After you’ve been paying Social Security taxes from every paycheck, retirement is a time to reap the fruits of your labor and begin receiving your benefits. The amount of your benefits depends mainly on how much you’ve earned through your career and when you decide to take benefits. You can begin claiming Social Security benefits as early as age 62, but your baseline amount — the amount of your monthly benefits at different ages — is based on your full retirement age (FRA).
To determine your full retirement age, Social Security uses your birth year:
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|Birth Year||Full Retirement Age||Months Between Age 62 and Full Retirement Age|
|1943 to 1954||66||48|
|1955||66 and 2 months||50|
|1956||66 and 4 months||52|
|1957||66 and 6 months||54|
|1958||66 and 8 months||56|
|1959||66 and 10 months||58|
|1960 or after||67||60|
If you’re able to survive in retirement without having to claim Social Security, it may be worth it to delay your benefits until your FRA. Here’s why.
Taking your Social Security benefits early
If you choose to take your Social Security benefits before your FRA, they will be reduced monthly depending on how far from your FRA you are. Benefits are reduced by five-ninths of 1% for each of the first 36 months you claim before your FRA. If you begin taking benefits more than 36 months before your FRA, any months over 36 will reduce your amount by five-twelfths of 1% each month.
For perspective, if your FRA is 67 and you begin taking benefits at 62, your benefits would be reduced by 30%. You can also choose to delay your benefits until your turn 70, which will increase your monthly payout. For 2022, here are the maximum payout amounts based on retirement age:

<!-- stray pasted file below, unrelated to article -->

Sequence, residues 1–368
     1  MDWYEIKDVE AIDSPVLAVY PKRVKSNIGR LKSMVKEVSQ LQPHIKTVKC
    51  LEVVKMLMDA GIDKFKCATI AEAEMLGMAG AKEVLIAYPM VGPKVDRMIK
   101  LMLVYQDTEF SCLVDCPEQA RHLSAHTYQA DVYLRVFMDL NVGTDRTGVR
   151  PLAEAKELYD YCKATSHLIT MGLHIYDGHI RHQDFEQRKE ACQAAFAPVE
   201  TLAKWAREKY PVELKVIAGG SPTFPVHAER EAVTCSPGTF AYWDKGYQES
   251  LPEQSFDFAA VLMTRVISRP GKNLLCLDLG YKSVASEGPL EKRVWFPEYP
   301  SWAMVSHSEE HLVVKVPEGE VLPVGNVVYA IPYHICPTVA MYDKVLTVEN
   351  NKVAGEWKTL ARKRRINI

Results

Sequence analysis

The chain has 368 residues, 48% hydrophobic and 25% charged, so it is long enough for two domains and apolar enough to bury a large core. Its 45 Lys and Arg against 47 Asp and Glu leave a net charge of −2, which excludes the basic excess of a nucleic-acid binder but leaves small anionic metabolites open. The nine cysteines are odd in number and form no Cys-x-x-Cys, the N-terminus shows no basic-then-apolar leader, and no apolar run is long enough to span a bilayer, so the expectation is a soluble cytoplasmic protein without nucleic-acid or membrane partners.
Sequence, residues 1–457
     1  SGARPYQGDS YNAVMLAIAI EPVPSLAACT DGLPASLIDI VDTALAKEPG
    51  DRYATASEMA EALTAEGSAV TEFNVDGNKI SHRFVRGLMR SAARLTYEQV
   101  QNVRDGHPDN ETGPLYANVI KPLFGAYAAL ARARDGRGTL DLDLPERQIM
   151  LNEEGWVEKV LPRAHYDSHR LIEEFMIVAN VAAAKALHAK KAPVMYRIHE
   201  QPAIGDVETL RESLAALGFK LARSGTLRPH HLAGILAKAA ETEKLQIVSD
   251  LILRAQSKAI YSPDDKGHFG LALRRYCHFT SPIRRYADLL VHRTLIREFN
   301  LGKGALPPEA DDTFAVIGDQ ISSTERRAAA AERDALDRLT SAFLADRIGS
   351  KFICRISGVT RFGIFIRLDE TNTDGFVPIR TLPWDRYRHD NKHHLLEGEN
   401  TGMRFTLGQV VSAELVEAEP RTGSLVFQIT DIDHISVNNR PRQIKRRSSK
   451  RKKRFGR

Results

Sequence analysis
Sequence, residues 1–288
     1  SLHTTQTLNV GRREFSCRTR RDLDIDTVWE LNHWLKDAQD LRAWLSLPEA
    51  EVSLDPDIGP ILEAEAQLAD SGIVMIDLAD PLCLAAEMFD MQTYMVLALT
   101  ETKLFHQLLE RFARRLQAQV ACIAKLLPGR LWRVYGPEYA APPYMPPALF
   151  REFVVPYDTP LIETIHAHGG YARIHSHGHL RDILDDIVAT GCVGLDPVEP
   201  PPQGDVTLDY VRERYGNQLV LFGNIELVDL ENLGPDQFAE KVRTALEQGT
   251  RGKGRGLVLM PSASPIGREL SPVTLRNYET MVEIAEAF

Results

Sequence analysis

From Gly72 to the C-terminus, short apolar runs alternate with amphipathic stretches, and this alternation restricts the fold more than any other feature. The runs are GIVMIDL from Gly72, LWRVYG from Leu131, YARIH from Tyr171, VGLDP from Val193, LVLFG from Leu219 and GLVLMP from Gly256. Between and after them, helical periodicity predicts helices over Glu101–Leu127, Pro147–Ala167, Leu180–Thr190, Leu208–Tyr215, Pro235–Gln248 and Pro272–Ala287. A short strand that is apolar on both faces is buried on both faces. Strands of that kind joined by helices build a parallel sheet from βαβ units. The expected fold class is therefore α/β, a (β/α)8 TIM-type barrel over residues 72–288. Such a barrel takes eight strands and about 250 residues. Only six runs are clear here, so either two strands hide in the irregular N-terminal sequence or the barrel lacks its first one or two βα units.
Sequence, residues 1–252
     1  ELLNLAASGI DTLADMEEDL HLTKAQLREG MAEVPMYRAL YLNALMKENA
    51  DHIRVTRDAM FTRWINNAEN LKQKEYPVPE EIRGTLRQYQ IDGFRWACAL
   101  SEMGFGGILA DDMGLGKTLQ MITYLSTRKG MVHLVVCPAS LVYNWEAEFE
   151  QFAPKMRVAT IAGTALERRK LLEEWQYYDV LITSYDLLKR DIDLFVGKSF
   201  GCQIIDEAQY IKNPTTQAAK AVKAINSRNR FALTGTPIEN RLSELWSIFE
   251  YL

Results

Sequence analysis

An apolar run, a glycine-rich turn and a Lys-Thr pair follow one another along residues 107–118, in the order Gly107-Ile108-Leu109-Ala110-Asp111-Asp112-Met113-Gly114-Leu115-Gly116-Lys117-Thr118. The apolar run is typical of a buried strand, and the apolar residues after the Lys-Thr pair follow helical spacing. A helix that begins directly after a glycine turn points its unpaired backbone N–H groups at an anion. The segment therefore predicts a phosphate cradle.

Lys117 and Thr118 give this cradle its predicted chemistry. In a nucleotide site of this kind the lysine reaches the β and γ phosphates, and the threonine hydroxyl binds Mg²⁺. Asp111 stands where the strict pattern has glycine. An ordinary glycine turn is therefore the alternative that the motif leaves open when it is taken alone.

- Age 62: $2,364
- Full Retirement Age: $3,345
- Age 70: $4,194
Retiring early could cost you
Even though those figures are the maximum allowed, you’re likely not going to receive that as your benefit. Of the 47.8 million Americans currently receiving Social Security benefits, the average monthly payout is $1,667.
If you were eligible for the average payout and began taking benefits at 62, your monthly benefits would be reduced by nearly $500 (assuming your FRA is 67). When you account for an average $500 monthly reduction over the 60 months between ages 62 and 67, it could cost you around $30,000 total.
For many people, Social Security alone won’t be enough to survive solely in retirement; it should serve as more of a supplement, especially if you follow the 80% rule, which states you should aim to have 80% of your pre-retirement income in retirement to maintain your current lifestyle. So, if you currently make $80,000, you should aim to have $64,000 annually in retirement.
Having other sources of retirement income — such as a 401(k), IRAs, or dividend-paying stocks — should always be the goal, but it becomes even more important if you take Social Security benefits early because of the reduction.
If you plan for retirement from multiple angles, you’ll be sure to put yourself in a better position to enjoy the retirement you deserve without the problems of finances hanging over your head.
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